"The federal de-listing means that in the eastern third of Washington, the state is the lead for wolf management, including response to reports of suspected wolf depredation of livestock," said Harriet Allen, WDFW's manager of threatened and endangered species.
Under state law (RCW 17.15.120) it is illegal to kill, harm or harass endangered species, including the gray wolf.
WDFW has collaborated with USFWS and the U.S. Department of Agriculture's Wildlife Services to develop wolf response guidelines that address wolf/human conflict issues such as livestock depredation. The guidelines are posted on WDFW's website at http://wdfw.wa.gov/conservation/gray_wolf/contacts.html#guidelines .
In the western portion of the state where wolves remain federally listed, USFWS has the lead for wolf management.
The recent federal delisting action does not impact the timeline of WDFW's Draft Wolf Conservation and Management Plan and Environmental Impact Statement (EIS).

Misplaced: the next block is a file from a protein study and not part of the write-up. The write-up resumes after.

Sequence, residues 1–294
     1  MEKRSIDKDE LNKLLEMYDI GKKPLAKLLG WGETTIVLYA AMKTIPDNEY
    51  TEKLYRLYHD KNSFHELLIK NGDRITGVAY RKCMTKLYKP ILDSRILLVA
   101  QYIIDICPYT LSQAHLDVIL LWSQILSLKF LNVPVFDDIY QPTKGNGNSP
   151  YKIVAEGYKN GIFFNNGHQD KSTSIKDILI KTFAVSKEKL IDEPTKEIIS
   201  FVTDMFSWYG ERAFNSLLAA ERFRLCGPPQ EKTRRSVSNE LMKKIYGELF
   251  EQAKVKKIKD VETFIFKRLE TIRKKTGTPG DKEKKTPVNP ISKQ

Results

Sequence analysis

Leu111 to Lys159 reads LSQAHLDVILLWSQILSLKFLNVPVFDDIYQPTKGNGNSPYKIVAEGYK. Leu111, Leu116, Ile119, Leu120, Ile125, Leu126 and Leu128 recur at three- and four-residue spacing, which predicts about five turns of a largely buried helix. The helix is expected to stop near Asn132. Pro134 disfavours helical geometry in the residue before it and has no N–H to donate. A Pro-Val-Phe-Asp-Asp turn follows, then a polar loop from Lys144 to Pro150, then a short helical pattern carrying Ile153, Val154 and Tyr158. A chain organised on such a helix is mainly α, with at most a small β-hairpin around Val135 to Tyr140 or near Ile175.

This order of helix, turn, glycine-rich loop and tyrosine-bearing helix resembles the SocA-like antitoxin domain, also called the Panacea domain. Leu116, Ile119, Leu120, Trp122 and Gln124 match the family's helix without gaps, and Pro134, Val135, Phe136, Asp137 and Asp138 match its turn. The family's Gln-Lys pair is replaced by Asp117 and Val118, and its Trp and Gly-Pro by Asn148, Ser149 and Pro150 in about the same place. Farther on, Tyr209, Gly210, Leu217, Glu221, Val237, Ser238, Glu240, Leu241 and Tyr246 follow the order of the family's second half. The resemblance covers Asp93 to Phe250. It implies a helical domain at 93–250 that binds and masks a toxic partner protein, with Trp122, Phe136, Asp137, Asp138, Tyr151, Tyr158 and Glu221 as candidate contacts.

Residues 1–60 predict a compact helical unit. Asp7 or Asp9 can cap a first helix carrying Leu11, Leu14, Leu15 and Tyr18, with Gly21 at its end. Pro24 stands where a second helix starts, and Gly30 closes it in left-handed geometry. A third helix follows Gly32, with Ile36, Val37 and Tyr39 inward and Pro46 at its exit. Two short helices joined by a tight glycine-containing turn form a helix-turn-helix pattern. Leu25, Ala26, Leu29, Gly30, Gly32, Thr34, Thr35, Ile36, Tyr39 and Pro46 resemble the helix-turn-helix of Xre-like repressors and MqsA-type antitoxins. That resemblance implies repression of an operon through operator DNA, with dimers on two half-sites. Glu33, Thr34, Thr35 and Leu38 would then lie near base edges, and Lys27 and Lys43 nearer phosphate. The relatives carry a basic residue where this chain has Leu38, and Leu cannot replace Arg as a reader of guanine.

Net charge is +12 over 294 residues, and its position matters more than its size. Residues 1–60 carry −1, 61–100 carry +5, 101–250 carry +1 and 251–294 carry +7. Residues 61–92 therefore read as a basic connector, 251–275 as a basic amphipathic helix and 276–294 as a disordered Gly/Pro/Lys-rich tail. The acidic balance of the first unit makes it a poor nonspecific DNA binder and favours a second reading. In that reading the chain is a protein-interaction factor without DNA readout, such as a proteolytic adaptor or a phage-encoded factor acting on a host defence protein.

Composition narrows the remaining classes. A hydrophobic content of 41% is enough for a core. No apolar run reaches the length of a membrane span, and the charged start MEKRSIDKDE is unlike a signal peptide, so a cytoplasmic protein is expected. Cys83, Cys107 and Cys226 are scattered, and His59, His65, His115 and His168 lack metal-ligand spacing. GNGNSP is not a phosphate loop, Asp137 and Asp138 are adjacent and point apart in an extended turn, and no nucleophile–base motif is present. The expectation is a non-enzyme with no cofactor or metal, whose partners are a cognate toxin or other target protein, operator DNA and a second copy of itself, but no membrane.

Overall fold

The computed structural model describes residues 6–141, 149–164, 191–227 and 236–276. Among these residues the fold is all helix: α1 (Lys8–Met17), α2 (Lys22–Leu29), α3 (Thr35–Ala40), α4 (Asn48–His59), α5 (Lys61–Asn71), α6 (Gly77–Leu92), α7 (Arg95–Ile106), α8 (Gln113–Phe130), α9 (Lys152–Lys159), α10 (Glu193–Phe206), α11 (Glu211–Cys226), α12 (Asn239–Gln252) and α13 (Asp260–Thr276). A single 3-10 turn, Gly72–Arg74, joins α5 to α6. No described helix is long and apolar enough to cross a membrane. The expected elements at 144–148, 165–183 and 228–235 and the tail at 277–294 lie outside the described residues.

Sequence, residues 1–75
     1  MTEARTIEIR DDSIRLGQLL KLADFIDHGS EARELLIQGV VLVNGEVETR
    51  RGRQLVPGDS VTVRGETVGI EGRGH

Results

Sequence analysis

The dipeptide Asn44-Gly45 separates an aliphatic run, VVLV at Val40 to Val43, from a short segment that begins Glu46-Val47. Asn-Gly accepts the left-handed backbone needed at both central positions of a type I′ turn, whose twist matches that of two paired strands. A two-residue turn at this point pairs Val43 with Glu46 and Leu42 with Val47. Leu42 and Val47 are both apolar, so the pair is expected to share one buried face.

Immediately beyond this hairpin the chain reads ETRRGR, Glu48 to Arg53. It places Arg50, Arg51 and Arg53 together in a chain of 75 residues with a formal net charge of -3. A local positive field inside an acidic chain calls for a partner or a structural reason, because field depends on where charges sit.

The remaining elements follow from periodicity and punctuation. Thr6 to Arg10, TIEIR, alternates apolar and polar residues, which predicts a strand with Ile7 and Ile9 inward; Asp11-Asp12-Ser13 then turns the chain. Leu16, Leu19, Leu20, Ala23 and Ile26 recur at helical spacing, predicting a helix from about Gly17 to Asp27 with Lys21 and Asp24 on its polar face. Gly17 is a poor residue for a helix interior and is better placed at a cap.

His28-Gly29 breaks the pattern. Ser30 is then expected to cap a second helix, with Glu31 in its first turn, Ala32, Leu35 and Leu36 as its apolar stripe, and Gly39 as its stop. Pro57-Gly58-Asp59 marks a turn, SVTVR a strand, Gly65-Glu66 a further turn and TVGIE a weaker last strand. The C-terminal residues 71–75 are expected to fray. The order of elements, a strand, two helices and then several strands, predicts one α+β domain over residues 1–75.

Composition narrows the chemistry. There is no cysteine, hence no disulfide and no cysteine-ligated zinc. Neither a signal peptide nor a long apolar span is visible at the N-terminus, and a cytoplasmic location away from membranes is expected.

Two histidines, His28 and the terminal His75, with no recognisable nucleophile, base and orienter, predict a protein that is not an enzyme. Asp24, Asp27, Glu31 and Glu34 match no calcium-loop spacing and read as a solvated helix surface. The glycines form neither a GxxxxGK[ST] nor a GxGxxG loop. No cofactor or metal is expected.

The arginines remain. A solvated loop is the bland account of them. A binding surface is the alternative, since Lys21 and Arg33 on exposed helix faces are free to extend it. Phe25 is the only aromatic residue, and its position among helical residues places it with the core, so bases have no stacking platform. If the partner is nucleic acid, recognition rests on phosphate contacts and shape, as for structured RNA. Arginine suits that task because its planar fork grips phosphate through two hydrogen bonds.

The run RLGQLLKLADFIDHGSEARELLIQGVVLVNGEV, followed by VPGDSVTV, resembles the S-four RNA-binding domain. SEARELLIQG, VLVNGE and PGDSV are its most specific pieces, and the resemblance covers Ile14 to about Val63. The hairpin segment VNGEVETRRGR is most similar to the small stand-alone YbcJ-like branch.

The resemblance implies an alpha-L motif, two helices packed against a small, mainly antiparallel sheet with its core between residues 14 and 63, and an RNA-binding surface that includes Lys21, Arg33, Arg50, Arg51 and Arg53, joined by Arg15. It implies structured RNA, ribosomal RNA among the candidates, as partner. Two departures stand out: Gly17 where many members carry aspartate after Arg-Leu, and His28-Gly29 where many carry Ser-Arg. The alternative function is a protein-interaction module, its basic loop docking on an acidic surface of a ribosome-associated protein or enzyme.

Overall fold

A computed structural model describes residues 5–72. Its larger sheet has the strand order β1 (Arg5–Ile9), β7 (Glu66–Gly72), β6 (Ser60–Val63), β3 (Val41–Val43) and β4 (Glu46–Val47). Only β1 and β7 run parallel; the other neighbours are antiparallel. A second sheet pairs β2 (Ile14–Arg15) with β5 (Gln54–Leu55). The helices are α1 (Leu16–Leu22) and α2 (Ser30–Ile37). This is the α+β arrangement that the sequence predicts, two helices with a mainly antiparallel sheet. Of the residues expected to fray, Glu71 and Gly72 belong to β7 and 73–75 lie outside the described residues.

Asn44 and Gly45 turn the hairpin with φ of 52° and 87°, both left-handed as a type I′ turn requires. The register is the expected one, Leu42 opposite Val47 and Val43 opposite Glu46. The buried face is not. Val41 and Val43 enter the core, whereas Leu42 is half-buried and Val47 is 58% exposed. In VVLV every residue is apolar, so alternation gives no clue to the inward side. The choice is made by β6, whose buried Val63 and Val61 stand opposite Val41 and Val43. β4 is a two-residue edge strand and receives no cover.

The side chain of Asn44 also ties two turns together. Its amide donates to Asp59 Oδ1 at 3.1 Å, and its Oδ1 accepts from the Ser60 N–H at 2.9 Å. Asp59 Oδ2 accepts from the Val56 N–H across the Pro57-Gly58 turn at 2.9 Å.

The state plan has been under development with a 17-citizen Wolf Working Group since 2007. Plan development included public scoping and a public comment period on draft alternatives. WDFW staff members are currently incorporating public comments into the draft plan. The draft plan is scheduled to be reviewed with the Wolf Working Group in June, and is scheduled to be presented to the Washington Fish and Wildlife Commission in August. Commission review and action on a final plan are anticipated by the end of this year.